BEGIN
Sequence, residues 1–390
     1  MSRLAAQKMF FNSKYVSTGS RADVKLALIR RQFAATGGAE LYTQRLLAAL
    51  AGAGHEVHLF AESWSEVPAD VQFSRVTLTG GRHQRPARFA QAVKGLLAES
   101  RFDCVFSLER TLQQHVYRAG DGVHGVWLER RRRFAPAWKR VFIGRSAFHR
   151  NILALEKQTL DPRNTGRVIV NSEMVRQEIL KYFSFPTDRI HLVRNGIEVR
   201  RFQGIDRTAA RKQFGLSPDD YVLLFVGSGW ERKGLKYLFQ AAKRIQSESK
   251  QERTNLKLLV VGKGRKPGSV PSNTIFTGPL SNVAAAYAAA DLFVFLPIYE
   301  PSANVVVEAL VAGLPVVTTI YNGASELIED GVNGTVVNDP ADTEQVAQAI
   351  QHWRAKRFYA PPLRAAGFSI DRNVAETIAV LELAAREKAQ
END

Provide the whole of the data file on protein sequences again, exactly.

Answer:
Sequence, residues 1–390
     1  MSRLAAQKMF FNSKYVSTGS RADVKLALIR RQFAATGGAE LYTQRLLAAL
    51  AGAGHEVHLF AESWSEVPAD VQFSRVTLTG GRHQRPARFA QAVKGLLAES
   101  RFDCVFSLER TLQQHVYRAG DGVHGVWLER RRRFAPAWKR VFIGRSAFHR
   151  NILALEKQTL DPRNTGRVIV NSEMVRQEIL KYFSFPTDRI HLVRNGIEVR
   201  RFQGIDRTAA RKQFGLSPDD YVLLFVGSGW ERKGLKYLFQ AAKRIQSESK
   251  QERTNLKLLV VGKGRKPGSV PSNTIFTGPL SNVAAAYAAA DLFVFLPIYE
   301  PSANVVVEAL VAGLPVVTTI YNGASELIED GVNGTVVNDP ADTEQVAQAI
   351  QHWRAKRFYA PPLRAAGFSI DRNVAETIAV LELAAREKAQ